By Louise Findlay-Wilson, Creator Of PrPro And Owner Of Energy PR
The influence of bloggers is spreading. There are more and more of them and their audiences are not passive but really engaged and clearly defined. Plus by spanning the world of ‘reporter and consumer’, bloggers can be powerful brand champions for those who win their trust.
So how do they work? My agency, Energy PR, asked a selection of bloggers to tell us what ticks their boxes versus what ticks them off. Here’s a small snapshot of what they said…
1. They are all different
Knowing your bloggers individually makes a big difference. Don’t make the mistake of thinking that a blog written as a hobby will be less influential (and therefore less important) than one that is full time.
2. Both parties have to put effort in to get the best out
Take the time to read the relevant blogs for your brand and business, to understand the content posted.
3. Be personal
Take the trouble to tailor your communication to each blogger and find their chosen method of contact rather than just adding comments to their posts.
4. Be relevant
Find out if they are a good fit with your brand or company and have covered similar topics before. Sending irrelevant content will be a waste of your time and theirs.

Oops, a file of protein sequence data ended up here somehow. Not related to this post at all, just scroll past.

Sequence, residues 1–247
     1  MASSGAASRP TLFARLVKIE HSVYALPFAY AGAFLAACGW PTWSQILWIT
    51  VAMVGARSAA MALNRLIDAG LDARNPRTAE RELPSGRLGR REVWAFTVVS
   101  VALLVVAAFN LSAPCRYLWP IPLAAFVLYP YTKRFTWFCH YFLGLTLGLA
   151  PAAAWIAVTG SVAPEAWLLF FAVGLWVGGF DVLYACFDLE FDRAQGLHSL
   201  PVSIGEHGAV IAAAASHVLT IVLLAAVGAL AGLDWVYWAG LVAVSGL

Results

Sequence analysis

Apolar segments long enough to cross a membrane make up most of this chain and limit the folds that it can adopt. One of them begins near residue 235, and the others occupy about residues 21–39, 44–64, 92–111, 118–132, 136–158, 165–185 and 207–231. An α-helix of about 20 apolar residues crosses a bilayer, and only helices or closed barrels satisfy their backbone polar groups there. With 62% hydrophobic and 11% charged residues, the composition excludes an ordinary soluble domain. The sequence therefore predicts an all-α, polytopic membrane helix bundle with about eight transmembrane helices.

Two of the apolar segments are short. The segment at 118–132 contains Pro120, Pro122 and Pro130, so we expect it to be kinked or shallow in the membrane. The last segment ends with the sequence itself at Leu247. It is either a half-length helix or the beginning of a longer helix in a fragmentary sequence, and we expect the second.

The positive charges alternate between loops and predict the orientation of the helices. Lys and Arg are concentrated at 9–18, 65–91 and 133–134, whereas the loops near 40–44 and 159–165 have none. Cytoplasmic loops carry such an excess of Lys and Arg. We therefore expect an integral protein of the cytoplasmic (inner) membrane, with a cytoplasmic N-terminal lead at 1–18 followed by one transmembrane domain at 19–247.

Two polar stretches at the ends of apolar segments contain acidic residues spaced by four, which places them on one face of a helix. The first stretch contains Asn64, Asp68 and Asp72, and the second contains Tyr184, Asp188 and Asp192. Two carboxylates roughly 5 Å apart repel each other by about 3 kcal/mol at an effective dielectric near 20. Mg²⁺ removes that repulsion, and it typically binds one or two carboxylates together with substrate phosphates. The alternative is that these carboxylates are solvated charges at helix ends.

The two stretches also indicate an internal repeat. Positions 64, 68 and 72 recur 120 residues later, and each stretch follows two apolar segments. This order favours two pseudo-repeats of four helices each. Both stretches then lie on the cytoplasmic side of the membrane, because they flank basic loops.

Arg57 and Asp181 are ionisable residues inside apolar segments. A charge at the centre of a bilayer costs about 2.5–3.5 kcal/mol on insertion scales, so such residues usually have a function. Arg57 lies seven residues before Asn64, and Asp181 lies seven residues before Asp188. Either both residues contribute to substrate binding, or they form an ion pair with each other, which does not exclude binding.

5. Avoid unrealistic expectations
When sending a product for review, bear in mind that they will have other work on and things to review so your item won’t necessarily take priority — even if it is a food item that might go off! Try negotiating in advance when would be a good time to send the item, or make it more of a priority by offering something extra for their blog such as samples for them to give away to readers.
6. More information, not less
When sending new products to bloggers, give them the same level of information you’d give to journalists: tell them how much it is, when it launches and where their readers can buy it from.
7. Results aren’t automatic
As with journalists, bloggers aren’t obliged to feature you in their posts unless the content is paid for.
8. Follow up
An important part of building the relationships with bloggers is following up with them. If you sent them product, make sure you know if they received it, what they thought and whether they had any questions. Equally if they attended an event for you, find out if they enjoyed themselves or have any feedback. This way any negatives can be dealt with before posts go up.
9. Respect workload
Bloggers can get somewhere between 2 and 10 approaches a week from brands and PR agencies. It’s worth knowing where your activity sits on their priority list as chances are it won’t be in the same place as yours. Also remember the purpose of the blog is to interest the reader. Many bloggers limit their brand activity as they don’t want to irritate followers by overly promoting a brand.
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